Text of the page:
Asian and Pacific stocks slumped in early trading Wednesday despite modest gains on Wall Street.
Japan's Nikkei index and Australia's All Ordinaries index each dropped just under 2 percentage points, while Seoul's KOSPI index fell 3.75 percent, reported CNN.
In China, the Shanghai composite was down .58 percent and the Hang Seng index in Hong Kong was down .67 percent.
On Wall Street on Tuesday, stocks fell to within a few points of 2003 levels before bouncing back to close higher.
The Dow Jones industrial average gained 1.8 percent. The Standard & Poor's 500 index gained 1 percent and the Nasdaq composite ended little changed.
Stocks seesawed throughout the day, spiking after officials said the $700 billion bailout was helping and slumping after another brutal housing market report.
Homebuilders' confidence in the housing market fell to a record low in November, according to a National Association of Home Builders (NAHB) report released Tuesday afternoon. Confidence fell to 9 on a scale of 1 to 100, the worst its been since NAHB began tracking the index in 1985.
The collapse of the housing market and subprime mortgage fallout fed the credit crisis and exacerbated the economic slowdown.
"The report reminds us that the main problem for the economy is real estate," said Art Hogan, chief market analyst at Jefferies & Co.
Tuesday's swings were also reflective of the volatility that has become commonplace in the market.
Hogan said that as an example, the average intraday volatility on the S&P 500 going back to 1962 has been around 1.5 percent, but in the month of October, it was 6.7 percent. In November it has been more than 5 percent. That percentage move reflects the swing between the highs and lows of the day, such as last Thursday, when the Dow seesawed 911 points in one session.
"We're seeing more volatility than there's ever been," Hogan said.
Congressional hearings: Stocks hit the highs of the session Tuesday after Treasury Secretary Henry Paulson, Fed Chairman Ben Bernanke and FDIC Chairman Sheila Bair told a House committee that the bailout has helped stabilize financial markets, despite the recent criticism.
After all the recent dour news on the economy, investors "were probably relieved that the officials were saying something positive," said Kenny Landgraf, principal and founder at Kenjol Capital Management.
However, investors remain concerned about what will come out of the current Senate hearing on the automakers. General Motors, Ford Motor and Chrysler say they need an additional $25 billion on top of the $25 billion they have have already received from the government in order to stay afloat.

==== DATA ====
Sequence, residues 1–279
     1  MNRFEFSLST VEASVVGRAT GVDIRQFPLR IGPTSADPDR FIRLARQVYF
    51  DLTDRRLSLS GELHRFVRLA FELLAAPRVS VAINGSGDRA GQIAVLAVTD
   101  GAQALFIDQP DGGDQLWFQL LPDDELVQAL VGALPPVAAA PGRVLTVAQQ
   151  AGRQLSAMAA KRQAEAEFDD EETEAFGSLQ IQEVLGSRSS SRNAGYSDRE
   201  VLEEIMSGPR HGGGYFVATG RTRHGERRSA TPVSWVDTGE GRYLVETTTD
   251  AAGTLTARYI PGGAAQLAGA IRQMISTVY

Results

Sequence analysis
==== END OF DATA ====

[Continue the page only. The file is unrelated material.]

But critics say the $25 billion is just a stop-gap measure that doesn't solve the underlying problems the industry is facing. They would rather see them file for bankruptcy, restructure and reemerge a leaner company.
Company news: Hewlett-Packard forecast fiscal fourth-quarter profit that was above analysts' forecasts, despite the sagging economy. HP also lifted its fiscal 2009 forecast. Shares jumped 14.5 percent.
HP's forecast was welcome news for tech investors after both Intel and Cisco warned about weaker sales in the current quarter. But it failed to make a dent in the broader stock investor pessimism.
Also helping the technology sector was news that Yahoo co-founder Jerry Yang will give up the CEO spot as soon as a replacement is found.
Yahoo gained after the announcement, raising speculation that Microsoft could show renewed takeover interest.
Citigroup plunged 6 percent as it said that it sees consumer credit losses spiking through the first half of next year. On Monday, the company said it is cutting at least 50,000 jobs, or 20% of its workforce, as it struggles to cut costs.
Market breadth was negative. On the New York Stock Exchange, losers beat winners three to two on volume of 1.6 billion shares. On the Nasdaq, decliners topped advancers three to two on volume of 2.44 billion shares.
Economy: The day's economic news added to bets that the recession is going to drag on for some time.
Home prices plummeted in the third quarter by a record 9% versus a year ago, amid a flood of foreclosures. On the upside, bargain hunters have been scooping up properties in some of the hardest-hit areas.
A separate report showed that inflationary pressures remain moderate. Wholesale prices posted the sharpest monthly decline on record in October due to the collapse in oil prices over the last four months. But prices excluding food and energy, the so-called "core" reading, rose more than expected.
Other markets: In global trading, Asian markets tumbled Tuesday, while European markets ended higher.
The dollar gained versus the euro and the yen.
COMEX gold for December delivery fell $9.30 to settle at $732.70 an ounce.
U.S. light crude oil for December delivery fell 56 cents to settle at $54.39 a barrel on the New York Mercantile Exchange, the lowest close since January 2007.
Gasoline prices dipped another 1.9 cents to a national average of $2.068 a gallon, according to a survey of credit-card activity released Tuesday by motorist group AAA. The decline marks the 62nd consecutive day that prices have decreased. During that time, prices dropped by $1.78 a gallon, or 46.3 percent.